A person’s HIV transmission cluster—i.e., the group of people with whom their HIV strains are genetically linked—can yield clues about their potential to slip through the HIV care continuum, according to a large U.S. study.
The data, which were reported in Clinical Infectious Diseases, were derived from a retrospective study of 5,226 PLWH diagnosed in Los Angeles County between 2010 and 2014. They indicated that PLWH in genetically linked HIV transmission clusters that were growing rapidly spent more time virally suppressed before their viral load rebounded than those in slow-growing clusters. However, high-growth clusters were more likely to be composed of people with CD4 cell counts of ≥500 cells/ml at diagnosis than were slow-growth clusters.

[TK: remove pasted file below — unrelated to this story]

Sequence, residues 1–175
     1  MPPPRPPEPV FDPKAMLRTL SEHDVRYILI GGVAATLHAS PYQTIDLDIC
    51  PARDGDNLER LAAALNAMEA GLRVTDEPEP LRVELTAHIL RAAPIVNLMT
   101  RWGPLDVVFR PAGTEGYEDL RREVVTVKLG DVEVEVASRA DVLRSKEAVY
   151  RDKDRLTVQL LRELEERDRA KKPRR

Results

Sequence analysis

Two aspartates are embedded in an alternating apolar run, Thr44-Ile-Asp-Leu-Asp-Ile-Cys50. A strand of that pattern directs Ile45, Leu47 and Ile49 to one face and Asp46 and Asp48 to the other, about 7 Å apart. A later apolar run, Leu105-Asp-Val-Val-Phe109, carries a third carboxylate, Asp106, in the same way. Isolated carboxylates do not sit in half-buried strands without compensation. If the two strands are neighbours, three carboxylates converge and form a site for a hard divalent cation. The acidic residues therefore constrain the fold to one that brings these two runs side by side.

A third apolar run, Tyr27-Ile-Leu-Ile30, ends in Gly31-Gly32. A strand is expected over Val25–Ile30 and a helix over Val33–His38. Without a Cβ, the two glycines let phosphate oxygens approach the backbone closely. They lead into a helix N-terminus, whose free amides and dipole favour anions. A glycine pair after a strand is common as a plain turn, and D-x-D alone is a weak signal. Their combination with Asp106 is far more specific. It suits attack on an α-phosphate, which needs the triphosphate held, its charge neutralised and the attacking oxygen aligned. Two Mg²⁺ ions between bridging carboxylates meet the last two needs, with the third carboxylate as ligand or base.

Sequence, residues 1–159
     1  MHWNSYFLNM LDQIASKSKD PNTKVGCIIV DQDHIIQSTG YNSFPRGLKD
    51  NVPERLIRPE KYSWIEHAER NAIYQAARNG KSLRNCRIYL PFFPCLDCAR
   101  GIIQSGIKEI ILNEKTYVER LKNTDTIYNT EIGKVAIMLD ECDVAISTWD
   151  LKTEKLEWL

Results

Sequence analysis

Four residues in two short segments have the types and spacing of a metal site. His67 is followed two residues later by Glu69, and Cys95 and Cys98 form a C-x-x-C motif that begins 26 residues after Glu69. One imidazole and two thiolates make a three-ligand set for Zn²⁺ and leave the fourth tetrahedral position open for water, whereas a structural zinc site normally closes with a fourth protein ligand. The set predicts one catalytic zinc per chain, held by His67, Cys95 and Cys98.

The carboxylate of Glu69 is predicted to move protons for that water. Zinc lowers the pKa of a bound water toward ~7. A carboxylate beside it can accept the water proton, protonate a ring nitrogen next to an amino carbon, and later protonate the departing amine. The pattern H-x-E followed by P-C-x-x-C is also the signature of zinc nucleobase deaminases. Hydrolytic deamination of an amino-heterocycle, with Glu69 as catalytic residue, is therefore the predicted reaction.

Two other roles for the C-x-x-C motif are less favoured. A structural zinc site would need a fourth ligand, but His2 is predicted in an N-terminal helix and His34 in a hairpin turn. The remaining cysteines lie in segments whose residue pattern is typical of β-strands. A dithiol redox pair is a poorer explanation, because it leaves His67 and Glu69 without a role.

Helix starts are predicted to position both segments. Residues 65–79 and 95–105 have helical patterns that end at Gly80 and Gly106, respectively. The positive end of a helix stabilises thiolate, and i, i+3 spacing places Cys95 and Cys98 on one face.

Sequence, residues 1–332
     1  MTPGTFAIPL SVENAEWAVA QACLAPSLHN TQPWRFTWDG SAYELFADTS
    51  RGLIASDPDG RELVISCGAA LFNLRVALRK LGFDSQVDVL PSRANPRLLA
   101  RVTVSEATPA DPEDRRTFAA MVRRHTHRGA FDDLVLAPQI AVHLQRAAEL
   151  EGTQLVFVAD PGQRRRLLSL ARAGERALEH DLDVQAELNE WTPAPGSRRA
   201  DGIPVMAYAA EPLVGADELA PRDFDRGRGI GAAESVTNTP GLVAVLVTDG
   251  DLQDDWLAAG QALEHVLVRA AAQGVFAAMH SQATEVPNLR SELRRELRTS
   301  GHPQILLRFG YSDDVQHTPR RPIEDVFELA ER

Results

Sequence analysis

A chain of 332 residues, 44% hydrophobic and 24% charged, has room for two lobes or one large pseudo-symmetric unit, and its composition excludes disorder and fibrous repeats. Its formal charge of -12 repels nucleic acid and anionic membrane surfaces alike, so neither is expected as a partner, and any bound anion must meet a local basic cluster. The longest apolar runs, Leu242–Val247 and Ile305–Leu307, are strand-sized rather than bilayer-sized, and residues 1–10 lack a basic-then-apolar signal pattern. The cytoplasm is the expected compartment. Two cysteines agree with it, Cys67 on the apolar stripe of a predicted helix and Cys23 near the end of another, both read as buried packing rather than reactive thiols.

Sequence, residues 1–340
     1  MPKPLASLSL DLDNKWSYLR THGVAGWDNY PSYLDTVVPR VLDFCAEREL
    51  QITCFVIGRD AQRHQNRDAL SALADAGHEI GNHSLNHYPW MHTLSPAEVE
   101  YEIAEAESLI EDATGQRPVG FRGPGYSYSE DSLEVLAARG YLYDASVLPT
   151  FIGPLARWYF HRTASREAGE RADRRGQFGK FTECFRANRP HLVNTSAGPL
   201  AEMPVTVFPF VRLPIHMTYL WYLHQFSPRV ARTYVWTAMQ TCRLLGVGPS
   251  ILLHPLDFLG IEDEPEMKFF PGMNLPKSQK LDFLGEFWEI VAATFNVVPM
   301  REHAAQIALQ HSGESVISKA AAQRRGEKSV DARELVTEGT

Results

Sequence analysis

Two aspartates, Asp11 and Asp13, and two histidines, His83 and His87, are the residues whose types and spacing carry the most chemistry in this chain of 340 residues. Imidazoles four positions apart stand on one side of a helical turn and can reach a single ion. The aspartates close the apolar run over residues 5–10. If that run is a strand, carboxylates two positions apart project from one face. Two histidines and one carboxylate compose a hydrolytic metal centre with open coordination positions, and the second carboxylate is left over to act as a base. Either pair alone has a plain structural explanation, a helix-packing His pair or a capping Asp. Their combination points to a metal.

“We acknowledge that cluster growth is influenced by access to and engagement with care, including HIV testing,” study authors noted. Once diagnosed, participants progressed through the care continuum at similar rates as others in their cluster: If others with a genetically linked virus took longer to become virally suppressed, so did they. Overall, median time between diagnosis and linkage to care was less than one month and diagnosis to viral suppression was six months.
Study authors suggested that services focused on HIV care linkage/restoration could place a priority on people within genetic clusters in which others have taken longer than usual to reach the next stage in the continuum, or had fallen out of care altogether.